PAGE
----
Health/Human Services

Here’s what primary care doctors really think about Obamacare – A postelection survey of primary care physicians reveals that majorities of the doctors that first treat most Americans do not support some of the GOP’s most widely circulated plans to repeal and replace the Affordable Care Act.  LA Times article

Interview: Alcohol, drugs fuel rise in death rates among white Valley residents – So what’s behind the numbers in what researchers are calling “deaths of despair?” And how are these issues impacting other demographic groups in the valley? We spoke with two members of the team that produced the report, Dr. Steven Woolf, lead author of the study and director of the Center on Society and Health at Virginia Commonwealth University and Dr. Anthony Iton, Vice President of the California Endowment’s Building Healthy Communities project. Valley Public Radio report

San Joaquin Community Hospital announces new name, mission — San Joaquin Community Hospital is changing its name and broadening its focus to improving the health of the whole community, officials announced Wednesday. Bakersfield Californian article

Land Use/Housing

Mayor Brand seeks acceptance from both sides for his rental housing inspection plan — Fresno Mayor Lee Brand is scrambling for acceptance – if not outright support – from both an apartment owners’ group and tenant advocates as he crafts a plan to begin interior inspections of rental properties across the city as part of a crackdown on substandard housing. Fresno Bee article

Manteca braces for growth in first State of the City — When Manteca Mayor Steve DeBrum sat down recently with new City Manager Elena Reyes, each brought a list of ideas for the rapidly growing city. And as it turned out, each list had one thing in common: An annual State of the City address. Stockton Record article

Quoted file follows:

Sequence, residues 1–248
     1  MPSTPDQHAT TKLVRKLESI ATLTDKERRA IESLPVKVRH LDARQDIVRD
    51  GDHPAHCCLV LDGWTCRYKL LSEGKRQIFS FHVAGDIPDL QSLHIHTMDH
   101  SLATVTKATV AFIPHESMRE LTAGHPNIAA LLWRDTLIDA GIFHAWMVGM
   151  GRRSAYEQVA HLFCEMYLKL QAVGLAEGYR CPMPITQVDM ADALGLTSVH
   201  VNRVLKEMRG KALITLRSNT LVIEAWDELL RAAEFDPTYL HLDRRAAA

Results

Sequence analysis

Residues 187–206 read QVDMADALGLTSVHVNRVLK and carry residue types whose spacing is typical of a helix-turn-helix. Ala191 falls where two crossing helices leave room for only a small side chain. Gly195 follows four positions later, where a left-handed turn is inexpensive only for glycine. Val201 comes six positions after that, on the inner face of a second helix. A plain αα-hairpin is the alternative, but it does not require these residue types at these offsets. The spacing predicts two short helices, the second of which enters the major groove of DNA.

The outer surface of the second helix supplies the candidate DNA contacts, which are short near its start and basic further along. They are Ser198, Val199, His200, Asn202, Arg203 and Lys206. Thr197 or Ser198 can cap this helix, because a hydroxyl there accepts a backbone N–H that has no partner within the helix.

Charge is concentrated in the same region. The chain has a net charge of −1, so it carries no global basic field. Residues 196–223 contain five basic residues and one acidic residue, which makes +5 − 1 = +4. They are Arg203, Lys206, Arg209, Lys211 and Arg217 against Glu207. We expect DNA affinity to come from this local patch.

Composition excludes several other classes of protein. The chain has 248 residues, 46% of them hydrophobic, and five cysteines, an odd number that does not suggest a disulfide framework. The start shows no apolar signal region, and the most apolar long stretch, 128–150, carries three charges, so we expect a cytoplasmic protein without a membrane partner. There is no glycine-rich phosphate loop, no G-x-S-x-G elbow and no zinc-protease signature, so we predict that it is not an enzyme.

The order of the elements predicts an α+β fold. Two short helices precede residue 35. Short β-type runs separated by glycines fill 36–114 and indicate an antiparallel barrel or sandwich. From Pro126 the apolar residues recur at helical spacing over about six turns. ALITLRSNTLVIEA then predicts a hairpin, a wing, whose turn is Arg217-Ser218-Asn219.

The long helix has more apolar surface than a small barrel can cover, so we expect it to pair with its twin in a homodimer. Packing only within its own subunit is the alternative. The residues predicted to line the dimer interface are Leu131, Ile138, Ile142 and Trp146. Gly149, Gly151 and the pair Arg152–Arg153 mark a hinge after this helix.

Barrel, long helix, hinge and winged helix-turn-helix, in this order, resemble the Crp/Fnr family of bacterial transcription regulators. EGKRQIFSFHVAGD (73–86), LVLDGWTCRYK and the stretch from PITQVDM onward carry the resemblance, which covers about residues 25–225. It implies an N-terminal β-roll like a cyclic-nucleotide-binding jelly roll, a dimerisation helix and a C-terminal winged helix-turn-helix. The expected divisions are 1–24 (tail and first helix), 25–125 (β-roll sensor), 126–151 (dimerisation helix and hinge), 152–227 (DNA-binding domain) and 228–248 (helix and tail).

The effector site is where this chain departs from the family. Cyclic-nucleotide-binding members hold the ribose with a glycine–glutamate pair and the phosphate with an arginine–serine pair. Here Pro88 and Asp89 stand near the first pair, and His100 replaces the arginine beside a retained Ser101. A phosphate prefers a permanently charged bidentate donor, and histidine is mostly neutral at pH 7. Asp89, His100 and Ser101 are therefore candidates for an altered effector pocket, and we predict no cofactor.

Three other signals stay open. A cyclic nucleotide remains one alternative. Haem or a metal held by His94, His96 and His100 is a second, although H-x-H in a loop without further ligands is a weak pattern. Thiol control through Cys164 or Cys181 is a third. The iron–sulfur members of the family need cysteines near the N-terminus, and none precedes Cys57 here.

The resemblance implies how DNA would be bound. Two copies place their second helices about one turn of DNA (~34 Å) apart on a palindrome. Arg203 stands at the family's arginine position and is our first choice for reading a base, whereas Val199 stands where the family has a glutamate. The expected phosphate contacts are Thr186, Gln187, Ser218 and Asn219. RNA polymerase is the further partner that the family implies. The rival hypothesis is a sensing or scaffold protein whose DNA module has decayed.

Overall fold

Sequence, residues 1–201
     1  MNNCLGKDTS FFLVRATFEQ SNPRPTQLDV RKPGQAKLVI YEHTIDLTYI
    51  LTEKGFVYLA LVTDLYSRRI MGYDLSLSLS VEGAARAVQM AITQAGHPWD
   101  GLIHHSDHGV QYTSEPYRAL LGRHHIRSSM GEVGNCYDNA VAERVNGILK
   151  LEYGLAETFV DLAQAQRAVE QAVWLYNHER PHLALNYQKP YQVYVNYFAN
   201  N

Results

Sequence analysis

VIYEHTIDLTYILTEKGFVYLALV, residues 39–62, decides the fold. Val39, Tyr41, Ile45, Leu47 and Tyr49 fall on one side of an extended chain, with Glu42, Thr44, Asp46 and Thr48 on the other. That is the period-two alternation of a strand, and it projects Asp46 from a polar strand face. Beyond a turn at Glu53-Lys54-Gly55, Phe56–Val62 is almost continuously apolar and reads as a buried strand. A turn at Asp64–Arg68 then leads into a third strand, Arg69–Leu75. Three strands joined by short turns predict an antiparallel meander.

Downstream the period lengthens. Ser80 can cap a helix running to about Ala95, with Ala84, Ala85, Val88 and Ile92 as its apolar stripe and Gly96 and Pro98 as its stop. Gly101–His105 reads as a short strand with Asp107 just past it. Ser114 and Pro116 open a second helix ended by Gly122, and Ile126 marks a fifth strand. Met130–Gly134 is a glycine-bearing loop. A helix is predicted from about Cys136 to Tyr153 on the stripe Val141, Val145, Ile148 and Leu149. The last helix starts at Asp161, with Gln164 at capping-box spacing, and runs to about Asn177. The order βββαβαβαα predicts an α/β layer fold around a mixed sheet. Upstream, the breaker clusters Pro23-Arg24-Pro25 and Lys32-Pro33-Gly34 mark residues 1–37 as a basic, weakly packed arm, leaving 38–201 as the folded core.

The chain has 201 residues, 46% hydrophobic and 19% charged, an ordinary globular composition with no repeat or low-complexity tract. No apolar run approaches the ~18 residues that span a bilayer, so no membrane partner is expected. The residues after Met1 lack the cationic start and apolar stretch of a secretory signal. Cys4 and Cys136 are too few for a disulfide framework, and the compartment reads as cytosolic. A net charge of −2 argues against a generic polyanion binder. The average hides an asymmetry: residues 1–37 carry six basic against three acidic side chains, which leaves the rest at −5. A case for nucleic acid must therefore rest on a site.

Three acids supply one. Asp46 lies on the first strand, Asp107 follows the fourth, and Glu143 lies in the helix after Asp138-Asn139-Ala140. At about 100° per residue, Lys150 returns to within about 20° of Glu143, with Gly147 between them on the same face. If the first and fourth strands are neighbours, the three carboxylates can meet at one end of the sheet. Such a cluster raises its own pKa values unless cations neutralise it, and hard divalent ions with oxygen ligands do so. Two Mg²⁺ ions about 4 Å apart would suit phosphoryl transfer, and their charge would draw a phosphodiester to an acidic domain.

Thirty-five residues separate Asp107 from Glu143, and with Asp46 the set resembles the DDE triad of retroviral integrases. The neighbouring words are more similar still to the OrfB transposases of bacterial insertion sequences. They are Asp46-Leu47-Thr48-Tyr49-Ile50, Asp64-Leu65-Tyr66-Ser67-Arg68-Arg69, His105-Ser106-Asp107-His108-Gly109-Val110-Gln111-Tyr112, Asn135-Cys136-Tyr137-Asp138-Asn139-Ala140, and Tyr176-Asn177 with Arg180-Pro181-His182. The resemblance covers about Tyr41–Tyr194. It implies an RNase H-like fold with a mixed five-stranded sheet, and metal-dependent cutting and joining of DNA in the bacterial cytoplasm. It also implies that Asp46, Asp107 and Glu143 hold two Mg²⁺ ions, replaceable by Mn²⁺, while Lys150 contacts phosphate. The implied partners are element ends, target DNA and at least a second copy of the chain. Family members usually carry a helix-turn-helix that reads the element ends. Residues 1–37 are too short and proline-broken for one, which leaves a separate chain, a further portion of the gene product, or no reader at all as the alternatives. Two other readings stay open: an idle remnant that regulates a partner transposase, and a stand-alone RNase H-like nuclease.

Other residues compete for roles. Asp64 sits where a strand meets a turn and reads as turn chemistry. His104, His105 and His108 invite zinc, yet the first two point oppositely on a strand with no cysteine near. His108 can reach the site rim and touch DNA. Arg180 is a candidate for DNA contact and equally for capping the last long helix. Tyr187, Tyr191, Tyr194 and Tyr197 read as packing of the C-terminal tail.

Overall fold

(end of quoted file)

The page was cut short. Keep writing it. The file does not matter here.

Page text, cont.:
Other areas

Lemoore navy base welcomes first contingent of F-35C fighter jets — The first F-35C jets to be based at Lemoore Naval Air Station were flown in Wednesday afternoon, making Lemoore the first naval air base in the country to get the new generation of fighter jets. Fresno Bee articleVisalia Times-Delta articleHanford Sentinel article

Christopher Meyers: Two exemplary people will receive Wendy Wayne Awards – The director of the Kegley Institute of Ethics at CSU Bakersfield writes, “There is not much more inspiring than sitting in on the selection process for the annual Wendy Wayne Awards for Exemplary Ethical Behavior. The committee members – all extraordinary people in their own right – are tasked with choosing the most impressive from a list of remarkable nominees. The conversation inspires and challenges: Inspires because it reinforces the quality of our community’s citizenry; challenges because their good works are a direct reminder that each of us can always do more and better.” Meyers op-ed in Bakersfield Californian

Second homeless person in a week dies outside Sacramento City Hall – A transient man has died on Sacramento City Hall grounds for the second time in a week, increasing pressure for city leaders to find quick solutions for a vexing issue that has grown more visible as heavy rains displace homeless campers from hideaways along the rivers. Sacramento Bee article

Turlock city manager taking medical leave; city’s lawyer to fill in — City Attorney Phaedra Norton will fill the seat of City Manager Gary Hampton for the next four weeks as he recuperates from an unspecified medical procedure. Modesto Bee article

Valley Editorial Roundup

 Bakersfield Californian  We ask Kern’s Democratic and Republican lawmakers — Senate Minority Leader Jean Fuller, Sen. Andy Vidak, and Assemblymen Rudy Salas and Vincent Fong — to join together in requesting the state’s independent auditor investigate November 2016 election results and procedures.

Fresno Bee – Mayor Brand correctly threads the needle on Fresno’s ‘sanctuary’ status; Why Trump’s trade policy is dangerously simplistic.

Merced Sun-Star – Gov. Brown draws some clear lines for California.

Modesto Bee – Gov. Brown draws some clear lines for California.

Sacramento Bee –- There is no charitable way to spin President Donald Trump’s reckless claim that millions of undocumented voters him the popular vote in the 2016 election. Either he’s delusional or he’s the sorest winner in American history; Why it’s smart to take a broader look at bigger Sacramento Convention Center.